Healthcare workers in poor nations often do not have enough protective gear to keep them safe from being infected with blood-borne viruses such as Ebola and HIV, according to a study published online Aug. 8 in Tropical Medicine & International Health.
Early administration of high-dose erythropoietin is associated with a reduced risk of brain injury on magnetic resonance imaging (MRI) in premature infants, according to research published in the Aug. 27 issue of the Journal of the American Medical Association.
Training with a video game balance board results in changes shown in brain magnetic resonance imaging as well as clinical improvement in balance in patients with multiple sclerosis, according to research published online Aug. 26 in Radiology.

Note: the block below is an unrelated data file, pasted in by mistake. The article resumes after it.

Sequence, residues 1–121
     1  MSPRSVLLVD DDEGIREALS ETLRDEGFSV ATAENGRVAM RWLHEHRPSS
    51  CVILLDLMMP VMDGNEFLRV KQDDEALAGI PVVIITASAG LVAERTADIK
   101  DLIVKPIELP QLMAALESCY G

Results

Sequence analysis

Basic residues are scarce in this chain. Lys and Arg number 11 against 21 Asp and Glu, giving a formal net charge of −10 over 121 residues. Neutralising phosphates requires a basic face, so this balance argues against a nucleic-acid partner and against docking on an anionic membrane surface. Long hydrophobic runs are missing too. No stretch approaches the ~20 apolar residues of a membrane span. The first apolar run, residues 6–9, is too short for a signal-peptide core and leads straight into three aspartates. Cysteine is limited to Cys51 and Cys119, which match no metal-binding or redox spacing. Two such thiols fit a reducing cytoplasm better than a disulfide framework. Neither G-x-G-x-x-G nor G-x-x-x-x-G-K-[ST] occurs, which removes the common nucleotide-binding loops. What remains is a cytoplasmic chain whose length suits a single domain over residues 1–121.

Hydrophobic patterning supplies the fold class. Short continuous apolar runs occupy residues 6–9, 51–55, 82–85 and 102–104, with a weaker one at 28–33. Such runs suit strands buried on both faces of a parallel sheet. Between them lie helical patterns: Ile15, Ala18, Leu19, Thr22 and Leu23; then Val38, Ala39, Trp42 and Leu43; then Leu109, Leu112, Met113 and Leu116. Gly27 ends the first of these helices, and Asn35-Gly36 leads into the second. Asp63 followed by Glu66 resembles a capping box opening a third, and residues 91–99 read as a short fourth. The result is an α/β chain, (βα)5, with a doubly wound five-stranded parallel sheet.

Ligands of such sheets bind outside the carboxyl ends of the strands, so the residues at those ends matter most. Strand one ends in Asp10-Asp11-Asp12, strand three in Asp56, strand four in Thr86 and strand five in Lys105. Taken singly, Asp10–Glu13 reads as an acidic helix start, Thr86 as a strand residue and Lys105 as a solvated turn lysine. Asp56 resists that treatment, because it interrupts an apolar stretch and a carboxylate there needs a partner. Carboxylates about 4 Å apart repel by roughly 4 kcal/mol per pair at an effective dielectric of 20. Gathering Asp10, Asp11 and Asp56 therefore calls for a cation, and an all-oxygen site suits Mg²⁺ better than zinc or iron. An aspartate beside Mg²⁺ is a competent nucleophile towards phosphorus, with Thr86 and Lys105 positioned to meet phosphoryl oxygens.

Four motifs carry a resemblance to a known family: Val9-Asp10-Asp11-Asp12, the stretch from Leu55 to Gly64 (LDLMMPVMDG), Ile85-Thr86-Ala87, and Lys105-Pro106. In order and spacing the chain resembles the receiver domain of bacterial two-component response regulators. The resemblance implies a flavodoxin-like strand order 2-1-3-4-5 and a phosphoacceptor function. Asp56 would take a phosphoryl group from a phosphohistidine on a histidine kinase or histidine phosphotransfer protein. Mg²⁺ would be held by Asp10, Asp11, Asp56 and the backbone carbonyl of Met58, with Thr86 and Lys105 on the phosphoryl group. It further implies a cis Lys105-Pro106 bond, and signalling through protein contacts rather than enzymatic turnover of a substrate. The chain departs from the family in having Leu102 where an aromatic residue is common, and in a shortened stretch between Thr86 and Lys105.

CDC Director Thomas Frieden, MD, visited Liberia to assess ongoing efforts to contain the Ebola outbreak and reported that the current prevention and treatment response has unable to stop the virus from spreading.
When patients seek medical attention for symptoms such as headaches or seizures that could be caused by a range of underlying conditions, the process of arriving at an accurate diagnosis can be quite challenging for health care professionals. One recent study has shown that making the wrong diagnosis in these situations can cause considerable harm.
As the fall sports season starts and young players face the risk of concussions, the US Food and Drug Administration warns that dietary supplements that claim to prevent, treat, or cure concussions are untested, unproven, and possibly dangerous.
Although mental illness is widely perceived as a detriment to one’s quality of life, recent findings claim schizophrenia does not necessarily forego happiness.